Hiroshima Voices: “No Nukes, No War” Tsuneaki Suzuki, 91, A-bomb survivor, Fuchu-cho, Hiroshima Prefecture

“War [use of nuclear weapons] robs the daily lives [and smiles] of families”

Tsuneaki Suzuki experienced the atomic bombing at his home, located about 2.7 kilometers from the hypocenter, when he was 13 and a second-year student at the junior high school affiliated with Hiroshima Higher Normal School (now Hiroshima University Junior and Senior High School). All six members of the family of Mr. Suzuki’s relatives — his uncle, aunt, and four cousins — died in the bombing. His uncle ran a barbershop near the Hondori shopping arcade in downtown Hiroshima. Mr. Suzuki has donated many photographs his uncle took of his family to the Hiroshima Peace Memorial Museum.

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I’ve been watching the news about the horrific destruction being caused by Russia’s military invasion of Ukraine. All I can think about is that war is never acceptable. It is unbearable for me to imagine what would happen if nuclear weapons were to actually be used now.

I’m keenly aware of that each time I look at the family photos taken by my uncle, Rokuro Suzuki, before the atomic bombing. In the photos, my young cousins smile innocently as they play with a puppet or are cooled by the breeze from an electric fan. Even now, I have the urge to meet them again.

Among my four cousins, Hideaki Suzuki, who was two years behind me at school, was the one I played with most frequently. On the day before the atomic bombing, he and I had fun catching shrimp by the river together. I never expected that to be the last time I would see him. The following morning, I was hit by the A-bomb blast when I was at home getting ready for school. Luckily, I wasn’t wounded. However, the lives of all six members of my uncle’s family were taken suddenly in the atomic bombing.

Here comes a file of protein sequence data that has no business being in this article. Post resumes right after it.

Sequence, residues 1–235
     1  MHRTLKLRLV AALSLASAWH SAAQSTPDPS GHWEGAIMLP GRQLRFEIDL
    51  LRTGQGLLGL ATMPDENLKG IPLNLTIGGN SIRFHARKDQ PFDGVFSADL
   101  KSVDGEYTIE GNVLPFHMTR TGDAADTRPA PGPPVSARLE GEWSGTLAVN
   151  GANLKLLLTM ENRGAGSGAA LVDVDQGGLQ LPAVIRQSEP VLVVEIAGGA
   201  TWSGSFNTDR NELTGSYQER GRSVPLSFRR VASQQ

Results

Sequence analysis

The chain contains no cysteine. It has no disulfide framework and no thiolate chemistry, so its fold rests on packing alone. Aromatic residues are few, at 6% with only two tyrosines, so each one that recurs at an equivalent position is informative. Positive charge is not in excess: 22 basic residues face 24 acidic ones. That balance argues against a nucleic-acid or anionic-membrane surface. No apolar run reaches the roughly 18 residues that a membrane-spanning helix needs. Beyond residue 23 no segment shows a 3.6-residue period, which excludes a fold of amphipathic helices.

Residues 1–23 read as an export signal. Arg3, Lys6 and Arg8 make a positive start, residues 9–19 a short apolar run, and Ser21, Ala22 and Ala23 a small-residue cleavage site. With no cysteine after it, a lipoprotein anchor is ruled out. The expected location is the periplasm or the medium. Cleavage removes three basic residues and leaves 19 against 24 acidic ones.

Hideaki, then a sixth-grade student at Fukuromachi National School (now Fukuromachi Elementary School, in Hiroshima’s Naka Ward), and his sister Kimiko, a third-grade student at the same school, experienced the atomic bombing when they were at school. Hideaki carried his severely burned sister on his back and fled, but neither ultimately survived. Their younger brother, Mamoru, then 3, and younger sister, Akiko, who was 1, were burned to death at the family’s barbershop. My uncle, Rokuro, died at a medical relief station after the atomic bombing. His wife, Fujie, went into shock and committed suicide by throwing herself into a well.

Rokuro was a devoted father to his children. When I was a child, he would even take me to the ocean to go swimming with Hideaki and Kimiko. The families were very close. The only thing I can say is that it was a terrible tragedy. My only wish now is that everyone be happy and live in friendship and peace together in a world without nuclear weapons and war, which steal the lives of so many families.